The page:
- Benzodiazepines 0.65 (95% CI, 0.44 to 0.86)
- Antipsychotics 0.51 (95% CI, 0.43 to 0.59)
- Antidepressants 0.38 (95% CI, 0.34 to 0.41)
The author’s concluded:
We found that some of the medications have relatively low effect sizes with only 11 out of 17 of them showing a minimal clinically important difference…
We feel that we need to be more realistic about drug efficacy. Doctors may believe that all patients respond to drugs and none to placebo, but neither statement is true because there is no ideal drug and many disorders remit spontaneously due to their natural course…
We do not strive for therapeutic nihilism, but rather believe that drug data is complex and requires thoughtful consideration regarding which medications and therapies are best suited for certain situations and patients.
Evaluating the effectiveness of drugs is hugely complex, and it is worrying that commonly and routinely prescribed treatments often have only minimal evidence to support their use. This paper provides a useful starting point for clinicians. It’s helpful to compare effectiveness across commonly prescribed drugs, but there are limitations with the methods used. For example, each review was conducted separately with slightly different methodologies, it was not clear how reviews were selected when more than one was available. The majority of the reviews included had been published more than five years ago and were considered of low quality.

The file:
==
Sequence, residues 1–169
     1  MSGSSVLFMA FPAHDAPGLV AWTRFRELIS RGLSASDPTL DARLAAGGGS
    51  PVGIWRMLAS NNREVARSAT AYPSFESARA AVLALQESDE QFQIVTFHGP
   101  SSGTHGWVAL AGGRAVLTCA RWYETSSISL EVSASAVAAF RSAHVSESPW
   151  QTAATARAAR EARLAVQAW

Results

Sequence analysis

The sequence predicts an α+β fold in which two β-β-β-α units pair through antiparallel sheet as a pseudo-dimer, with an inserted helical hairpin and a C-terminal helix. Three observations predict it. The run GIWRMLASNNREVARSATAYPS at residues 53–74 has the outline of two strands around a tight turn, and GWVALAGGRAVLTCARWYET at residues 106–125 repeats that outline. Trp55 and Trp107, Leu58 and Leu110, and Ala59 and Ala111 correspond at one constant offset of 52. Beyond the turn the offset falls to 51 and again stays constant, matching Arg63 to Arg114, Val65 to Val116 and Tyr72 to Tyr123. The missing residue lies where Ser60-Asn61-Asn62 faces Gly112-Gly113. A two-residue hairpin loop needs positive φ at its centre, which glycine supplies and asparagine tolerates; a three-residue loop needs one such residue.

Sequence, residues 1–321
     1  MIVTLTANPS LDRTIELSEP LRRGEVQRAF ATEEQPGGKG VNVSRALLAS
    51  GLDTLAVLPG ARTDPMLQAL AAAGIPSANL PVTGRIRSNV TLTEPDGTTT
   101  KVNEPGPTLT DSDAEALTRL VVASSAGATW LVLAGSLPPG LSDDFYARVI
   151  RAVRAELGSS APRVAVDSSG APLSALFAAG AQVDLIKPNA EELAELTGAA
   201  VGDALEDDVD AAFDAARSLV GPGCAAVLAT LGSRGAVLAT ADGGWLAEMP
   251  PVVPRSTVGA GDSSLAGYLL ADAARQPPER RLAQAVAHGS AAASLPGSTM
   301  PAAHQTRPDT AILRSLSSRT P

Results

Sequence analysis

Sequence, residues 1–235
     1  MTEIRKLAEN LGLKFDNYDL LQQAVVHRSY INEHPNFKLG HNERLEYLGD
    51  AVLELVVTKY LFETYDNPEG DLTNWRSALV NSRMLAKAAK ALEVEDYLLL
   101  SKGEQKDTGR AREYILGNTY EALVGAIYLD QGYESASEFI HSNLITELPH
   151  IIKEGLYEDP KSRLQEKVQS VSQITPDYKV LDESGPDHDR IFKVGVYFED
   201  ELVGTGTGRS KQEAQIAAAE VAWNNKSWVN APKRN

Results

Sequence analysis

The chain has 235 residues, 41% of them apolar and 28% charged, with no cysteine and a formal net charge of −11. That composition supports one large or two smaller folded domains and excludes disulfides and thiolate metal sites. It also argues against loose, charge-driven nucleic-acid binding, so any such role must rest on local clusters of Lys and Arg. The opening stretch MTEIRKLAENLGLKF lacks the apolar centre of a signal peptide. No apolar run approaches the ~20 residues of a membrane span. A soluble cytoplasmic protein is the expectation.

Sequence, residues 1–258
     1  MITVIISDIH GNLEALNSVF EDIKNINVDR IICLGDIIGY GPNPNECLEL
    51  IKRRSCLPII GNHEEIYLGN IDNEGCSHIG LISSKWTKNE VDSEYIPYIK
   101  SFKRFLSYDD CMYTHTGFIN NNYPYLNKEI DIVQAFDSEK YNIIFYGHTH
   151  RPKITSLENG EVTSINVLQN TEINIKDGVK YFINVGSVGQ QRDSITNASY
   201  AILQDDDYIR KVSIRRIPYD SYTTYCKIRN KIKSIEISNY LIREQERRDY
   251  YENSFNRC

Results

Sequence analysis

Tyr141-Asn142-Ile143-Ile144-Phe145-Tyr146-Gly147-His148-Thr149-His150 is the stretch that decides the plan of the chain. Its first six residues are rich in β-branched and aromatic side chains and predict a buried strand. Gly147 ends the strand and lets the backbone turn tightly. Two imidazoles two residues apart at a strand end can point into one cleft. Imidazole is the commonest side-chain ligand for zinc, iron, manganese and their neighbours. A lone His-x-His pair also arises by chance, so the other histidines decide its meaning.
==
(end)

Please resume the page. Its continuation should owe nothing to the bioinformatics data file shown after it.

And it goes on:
Trials often cherry pick participants excluding those arguably more representative of the general population. Effectiveness is normally evaluated in the short-term and is often not considered with co-prescribed medicines, or the chronic nature of conditions. Outcomes reported in trials and meta-analyses are often not patient determined, or take account of the costs, side-effects or iatrogenic effects of medicines taken.
Whilst some drugs may be moderately effective for example, benzodiazepines for insomnia, individuals taking them can develop tolerance very quickly, which can reduce their effectiveness within a few weeks.
It is also clear that there is significant within group variation of effectiveness (e.g. antidepressants or antipsychotics) with some drugs being more effective than others. Individual drug meta-analyses were excluded from this paper. Indeed the antipsychotic review included within this paper only examined atypical antipsychotics. It would be useful to repeat this review with more focus on mental health drugs.
The placebo effect of medicines is known to vary depending on a number of factors ranging from relationship with the prescriber to cultural beliefs, these remain very unexplored.
Leucht S, Helfer B, Gartlehner G, Davis JM. (2015) How effective are common medications: a perspective based on meta-analyses of major drugs. BMC Med. 2015 Oct 2;13:253. doi: 10.1186/s12916-015-0494-1.
The Pharmaceutical Journal, 6/13 December 2014, Vol 293, No 7839/40, online | DOI: 10.1211/PJ.2014.20067182